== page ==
At the conclusion of the NFC Championship game, the Atlanta Falcons stood victorious, having defeated NFC powerhouses the Seattle Seahawks and the Green Bay Packers in consecutive weeks by decisive margins. Carried by a feisty defense and by far the NFL’s best offense, led by its MVP-caliber quarterback, Matt Ryan, the Falcons final challenge will take place at NRG Stadium in Houston, Texas to face the AFC champion New England Patriots for the Lombardi Trophy at Super Bowl LI. At…
Week four brought the Detroit Lions, the Hawk’s third straight game against an NFC North opponent. Thus far, they had split the difference, going 1-1. The Detroit Lions had had a heartbreaking start, as the franchise’s inability to bank road wins continued. Quarterback Matt Stafford had yet to win a road game against a team with a winning record in his career; that said, the Seahawks were 1-2, so this had the stuff of a hard-fought battle.
On a beautifully sunny Seattle day, the 0-2 Seattle Seahawks hosted the 0-2 Chicago Bears. Although, the situation was different for the two teams. The Seahawks had lost two tough road games, and they took the Rams to overtime; whereas, the Bears once promising season was derailing. Giving up 31 points to the Green Bay Packers, and 48 points to the Arizona Cardinals, the Bears defense was reeling. The Seahawks would be no less challenging, as the Bears would be down their starting quarterback, Jay Cutler, and their star wide receiver, Alshon Jeffery. An uncharacteristically weak Seahawks defense was eager to shake off the rust and get the first W of the year. They accomplished a shut-out, as Seattle cruised to a 26-0 victory.
The Seahawks were slated to face the NFC North Conference for the 2015-2016 season, including a much-hyped Sunday Night Football rematch against the Green Bay Packers. At one of the most historic football shrines in America, Lambeau Field, Marshawn Lynch, Russell Wilson and the big D entered into an electric atmosphere where Packers fans awaited their chance to knock the Seahawks down.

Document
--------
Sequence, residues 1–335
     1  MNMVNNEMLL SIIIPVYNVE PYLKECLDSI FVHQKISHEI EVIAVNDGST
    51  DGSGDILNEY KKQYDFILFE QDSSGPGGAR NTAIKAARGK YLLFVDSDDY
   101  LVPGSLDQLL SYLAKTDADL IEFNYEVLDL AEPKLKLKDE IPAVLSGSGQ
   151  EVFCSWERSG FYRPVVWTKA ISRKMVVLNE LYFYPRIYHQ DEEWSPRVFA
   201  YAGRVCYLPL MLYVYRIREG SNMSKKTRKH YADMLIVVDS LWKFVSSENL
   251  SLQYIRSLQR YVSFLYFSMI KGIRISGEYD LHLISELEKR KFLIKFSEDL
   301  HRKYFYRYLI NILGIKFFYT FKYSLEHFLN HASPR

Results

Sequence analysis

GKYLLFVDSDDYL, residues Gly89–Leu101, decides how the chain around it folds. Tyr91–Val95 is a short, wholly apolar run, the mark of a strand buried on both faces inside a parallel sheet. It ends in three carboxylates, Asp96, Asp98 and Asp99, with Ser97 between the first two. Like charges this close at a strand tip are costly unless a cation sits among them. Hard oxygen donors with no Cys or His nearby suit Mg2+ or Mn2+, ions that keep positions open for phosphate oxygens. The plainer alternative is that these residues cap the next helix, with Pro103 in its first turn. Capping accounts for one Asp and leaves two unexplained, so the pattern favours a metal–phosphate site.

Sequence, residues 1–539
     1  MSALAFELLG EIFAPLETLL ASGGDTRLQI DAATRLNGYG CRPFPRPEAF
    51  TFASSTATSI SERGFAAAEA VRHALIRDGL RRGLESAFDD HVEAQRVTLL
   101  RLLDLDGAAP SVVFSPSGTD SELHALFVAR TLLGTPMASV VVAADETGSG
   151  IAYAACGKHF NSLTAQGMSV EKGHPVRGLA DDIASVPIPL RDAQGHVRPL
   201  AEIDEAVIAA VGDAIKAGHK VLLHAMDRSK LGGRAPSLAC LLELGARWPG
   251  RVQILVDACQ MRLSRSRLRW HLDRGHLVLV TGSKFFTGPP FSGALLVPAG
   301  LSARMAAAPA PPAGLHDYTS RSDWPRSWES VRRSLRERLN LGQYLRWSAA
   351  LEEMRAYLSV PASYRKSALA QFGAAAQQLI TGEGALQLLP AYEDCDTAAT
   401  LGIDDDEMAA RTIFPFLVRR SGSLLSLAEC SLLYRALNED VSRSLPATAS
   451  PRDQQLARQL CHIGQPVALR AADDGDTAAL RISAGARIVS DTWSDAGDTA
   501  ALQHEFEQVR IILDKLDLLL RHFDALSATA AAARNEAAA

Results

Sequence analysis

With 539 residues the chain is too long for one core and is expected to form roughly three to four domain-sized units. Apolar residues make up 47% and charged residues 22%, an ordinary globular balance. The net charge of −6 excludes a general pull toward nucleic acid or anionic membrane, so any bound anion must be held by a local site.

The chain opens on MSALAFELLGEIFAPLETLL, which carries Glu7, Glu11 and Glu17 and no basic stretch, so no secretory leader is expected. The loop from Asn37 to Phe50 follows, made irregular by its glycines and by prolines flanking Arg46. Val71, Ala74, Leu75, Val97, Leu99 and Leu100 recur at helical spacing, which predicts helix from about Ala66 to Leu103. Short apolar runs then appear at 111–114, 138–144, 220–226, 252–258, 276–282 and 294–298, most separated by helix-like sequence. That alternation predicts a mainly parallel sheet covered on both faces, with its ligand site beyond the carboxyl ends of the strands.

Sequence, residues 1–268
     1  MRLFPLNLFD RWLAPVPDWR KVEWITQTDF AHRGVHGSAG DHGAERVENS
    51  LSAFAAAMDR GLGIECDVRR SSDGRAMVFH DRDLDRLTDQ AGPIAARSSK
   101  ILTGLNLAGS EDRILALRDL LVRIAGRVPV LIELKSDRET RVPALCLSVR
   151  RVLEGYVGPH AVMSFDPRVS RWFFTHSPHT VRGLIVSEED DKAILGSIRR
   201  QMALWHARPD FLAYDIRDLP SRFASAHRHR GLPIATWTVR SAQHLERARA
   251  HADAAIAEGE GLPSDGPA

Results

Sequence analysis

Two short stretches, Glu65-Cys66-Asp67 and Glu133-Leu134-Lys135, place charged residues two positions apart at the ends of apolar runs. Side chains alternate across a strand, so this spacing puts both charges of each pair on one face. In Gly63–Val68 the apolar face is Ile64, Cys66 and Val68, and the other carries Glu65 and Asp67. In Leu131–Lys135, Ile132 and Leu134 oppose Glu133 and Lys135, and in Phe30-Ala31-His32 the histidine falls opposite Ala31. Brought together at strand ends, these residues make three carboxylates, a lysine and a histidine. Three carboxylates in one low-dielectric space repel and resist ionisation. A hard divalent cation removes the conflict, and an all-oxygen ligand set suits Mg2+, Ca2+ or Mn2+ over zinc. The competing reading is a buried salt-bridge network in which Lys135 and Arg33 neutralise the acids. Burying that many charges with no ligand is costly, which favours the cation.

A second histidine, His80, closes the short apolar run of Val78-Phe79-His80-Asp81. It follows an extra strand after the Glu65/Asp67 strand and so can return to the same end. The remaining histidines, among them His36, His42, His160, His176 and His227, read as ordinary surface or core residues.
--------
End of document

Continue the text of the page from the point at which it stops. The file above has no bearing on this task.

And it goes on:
The hype for the 2015-2016 Seahawks season was unlike any season before it. Coming off of two straight Super Bowl appearances, and the belief that the Seahawks had lost the Super Bowl more than the Patriots had won it, fueled the perception that the Seahawks were as unbeatable a squad as any in NFL history. The Legion of Boom was in its prime. Bobby Wagner’s and Russell Wilson’s contracts were settled, the latter’s contract having been a controversial subject for fans. Beast Mode was back, and who didn’t love to see those Lynch runs? Everyone was confident, including the Seahawks themselves.
On a team with a young core of super-talent, postseason experience, and a reputation for closing games, the wheels were coming off the wagon. Third down was an impossibility for the offense. Third down stops were an impossibility for the defense. At moments, the Hawks looked familiar, and any person could be forgiven the thought that this was when they would, “turn it on.” Slowly, sourly, the Seahawks tasted something they had not tasted in ages—desperation.
No one could know. Russell Wilson was about to go on a hot streak unlike any the NFL had seen.
In a thrilling and sometimes cringe inducing fashion, the Old-Testament Denver Broncos stuck it to the fun-loving Carolina Panthers for a 24-10 victory in Super Bowl 50. In a game polluted with turnovers, an amazing 7 fumbles and 2 interceptions, the Broncos were able to steal drive after drive, no two thefts being more symbolic than Von Miller’s two strip fumbles off Cam Newton for the game’s opening and closing touchdowns.
It’s hard to judge who is hotter right now–the Bronco defense or the Panther offense, but I’m going with the big D. The Panthers have had two consecutive blowout games where they were up by multiple touchdowns by the end of the first quarter. That’s not a normal thing, my friends. And I’m assuming that, unless Manning throws a pick six to start the game, the Denver D will not surrender in such a fashion.
Your Super Bowl is the Carolina Panthers versus the Denver Broncos. To me, this game personifies the old school versus the new school trends in the NFL. The Broncos will bring their aging quarterback with his 2000s offense and its heavy pass rush defense while the Panthers will bring their young, 2010s QB (great thrower, great runner) and their fiesta defense that feeds on a strong stable of linebackers.
The 2015 Seahawks ends in disappointing fashion but how the team evolved and improved is a testament to the organization. Whether it was going to Rawls or cutting Cary Williams or dumping the run-first offense, the Hawks always embrace change and take big risks to improve. From 2-4 to 11-7, the Seahawks showed us the entire gamut of what a football season can be. Through dramatic highs and dramatic lows, the Hawks ultimately found their stride in a rebuilt offense led by its superstar, Russell Wilson.